Flu vaccines are routinely available for seasonal influenza. Pandemic vaccines may also be developed for specific strains of the flu virus that are causing widespread disease, such as the H1N1 virus. Tested and approved, H1N1 vaccine first became available in October 2009 in the Americas.

There are two types of seasonal flu vaccines, the injection (with killed virus) and nasal spray vaccines (containing live but weakened virus). New for the 2011-2012 flu season is a vaccine that can be injected into the skin (intradermally) rather than into the muscle (intramuscular).

Each year, the influenza virus can change slightly, making the vaccine used in previous years ineffective. Each year, a new vaccine must be prepared that will be effective against the expected type of influenza virus. These are known as seasonal flu vaccines. The reason for the differences in circulating strains of the flu virus is that the virus can mutate, or change its structure, rapidly, leading to new subtypes of the virus. The key is to be able to predict which influenza viruses are going to cause infection and to prepare a vaccine against those viruses. Usually, scientists can predict accurately which types of influenza virus will cause infections and prepare an appropriate vaccine. The viruses that are used to prepare flu vaccine are grown in eggs.

The vaccine is generally effective against the influenza virus within two weeks of administration. The vaccine is only effective against the strains of the virus that match the vaccine. These strains vary from flu season to flu season each year. This is the reason that re vaccination is required annually with the vaccine that matches the strains of influenza that are currently prevalent.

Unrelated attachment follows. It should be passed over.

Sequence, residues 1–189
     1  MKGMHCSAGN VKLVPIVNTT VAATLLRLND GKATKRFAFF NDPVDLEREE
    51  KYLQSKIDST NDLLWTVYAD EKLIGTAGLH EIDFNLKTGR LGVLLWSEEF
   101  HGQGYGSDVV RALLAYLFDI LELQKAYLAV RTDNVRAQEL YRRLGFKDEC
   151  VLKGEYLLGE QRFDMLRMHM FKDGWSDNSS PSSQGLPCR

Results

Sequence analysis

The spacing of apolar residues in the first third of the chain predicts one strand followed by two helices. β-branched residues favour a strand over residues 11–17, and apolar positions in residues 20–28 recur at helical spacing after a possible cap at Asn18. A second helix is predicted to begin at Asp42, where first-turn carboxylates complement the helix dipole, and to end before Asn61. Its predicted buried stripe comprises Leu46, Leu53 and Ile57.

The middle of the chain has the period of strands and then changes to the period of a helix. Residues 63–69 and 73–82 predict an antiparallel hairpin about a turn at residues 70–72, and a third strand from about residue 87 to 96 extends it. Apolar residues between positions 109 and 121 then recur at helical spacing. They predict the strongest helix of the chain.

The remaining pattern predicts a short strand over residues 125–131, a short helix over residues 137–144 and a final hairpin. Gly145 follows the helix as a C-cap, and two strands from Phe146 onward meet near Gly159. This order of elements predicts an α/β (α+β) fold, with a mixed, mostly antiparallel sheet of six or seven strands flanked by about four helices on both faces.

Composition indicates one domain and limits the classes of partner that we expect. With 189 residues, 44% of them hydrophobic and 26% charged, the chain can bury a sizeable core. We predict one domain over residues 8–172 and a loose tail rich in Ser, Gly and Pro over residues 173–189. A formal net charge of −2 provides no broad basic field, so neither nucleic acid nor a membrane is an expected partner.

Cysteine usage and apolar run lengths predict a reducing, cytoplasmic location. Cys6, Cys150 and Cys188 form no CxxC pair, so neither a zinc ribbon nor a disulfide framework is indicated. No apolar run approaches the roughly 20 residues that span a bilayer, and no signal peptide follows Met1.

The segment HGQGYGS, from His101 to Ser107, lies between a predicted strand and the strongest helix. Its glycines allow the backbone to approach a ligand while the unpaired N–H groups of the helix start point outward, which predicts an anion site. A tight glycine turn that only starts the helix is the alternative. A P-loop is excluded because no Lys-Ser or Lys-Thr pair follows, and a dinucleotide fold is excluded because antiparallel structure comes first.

Flu season can begin in October and last as late as May. October and November are considered the best times to receive the vaccination, but it is still effective when administered later.

Flu vaccination does not protect against infection caused by microbes other than the influenza virus.

How effective is the flu shot?

The effectiveness of the flu vaccine is dependent upon the extent of the match between the virus strains used to prepare the vaccine and those viruses in actual circulation. The age and health status of the individual also play a role in determining the effectiveness of the vaccine. Research has shown that when there is a good match between the virus strains chosen for the vaccine and those in circulation, the vaccine prevents influenza illness in approximately 70%-90% of healthy adults under 65 years of age.

A study of children from 1-15 years of age showed that inactivated influenza vaccine was 77%-91% effective in preventing influenza respiratory illness. The effectiveness of the vaccine in preventing respiratory illness in people over 65 years of age is somewhat lower. Among older people who reside in nursing homes, influenza vaccine is most effective in preventing severe illness, secondary complications, and deaths. The vaccine can be 50%-60% effective in preventing influenza-related hospitalization or pneumonia and 80% effective in preventing influenza-related death, although the effectiveness in preventing influenza respiratory illness can be as low as from 30%-40%.

-Source

0 comments:

LinkWithin

Related Posts Plugin for WordPress, Blogger...

Got Somethin' to say? Pls shoot me an Email

 

JustWhatever! Copyright © 2011 Design by Ipietoon Blogger Template | Women's Secret